Voluntary Evacuations Now Mandatory Along Rising Brazos River

Voluntary evacuations became mandatory Monday in Fort Bend County areas near the Brazos River as heavy rain continued to compound problems.

The Fort Bend County sheriff warned that the Brazos River crest could reach a level only expected every 800 years. It could be five feet higher than previous high levels.

"Once the Brazos crests, this is going to be a whole new ballgame," said Sugar Land resident Michael Clark.

He and his fiancé have been renovating a home they just purchased in the River Bend subdivision along Oyster Creek, a Brazos River tributary.

"I think it will be five feet up into the house," Clark said. "We've got everything up off the bottom floor. It's all in the upstairs and we're fixing to take off."

Nearby, resident Sam Dolan was making sand bags out of his daughter's sand box. He shared them with neighbors as they all prepared to leave.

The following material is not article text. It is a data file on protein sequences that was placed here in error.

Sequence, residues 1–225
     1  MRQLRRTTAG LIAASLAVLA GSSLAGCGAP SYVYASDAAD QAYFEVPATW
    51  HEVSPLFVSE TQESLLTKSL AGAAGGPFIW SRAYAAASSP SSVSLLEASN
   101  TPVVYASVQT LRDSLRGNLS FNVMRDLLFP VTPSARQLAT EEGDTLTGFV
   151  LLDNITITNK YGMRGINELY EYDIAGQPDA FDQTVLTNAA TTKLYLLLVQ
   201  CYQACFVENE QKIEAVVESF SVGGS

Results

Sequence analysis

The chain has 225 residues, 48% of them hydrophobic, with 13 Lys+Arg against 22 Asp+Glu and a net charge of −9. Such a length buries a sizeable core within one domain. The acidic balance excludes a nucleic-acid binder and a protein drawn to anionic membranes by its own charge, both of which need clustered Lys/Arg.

"There was no instruction on where to go, and all the roads are practically under water," he said. "We're an island here in Sugar Land."

Residents who lived in the neighborhood since the houses were built in the 1990s said they had never been ordered to leave before.

But they joined new arrivals in taking the order seriously.

"I've lived here my entire life in the Houston area," said resident Julie Voilek. "We've been through floods, but it's never flooded like that out here. So this is all new."

The Brazos is expected to rise through Tuesday and crest at 59 feet on Wednesday.

Contact Us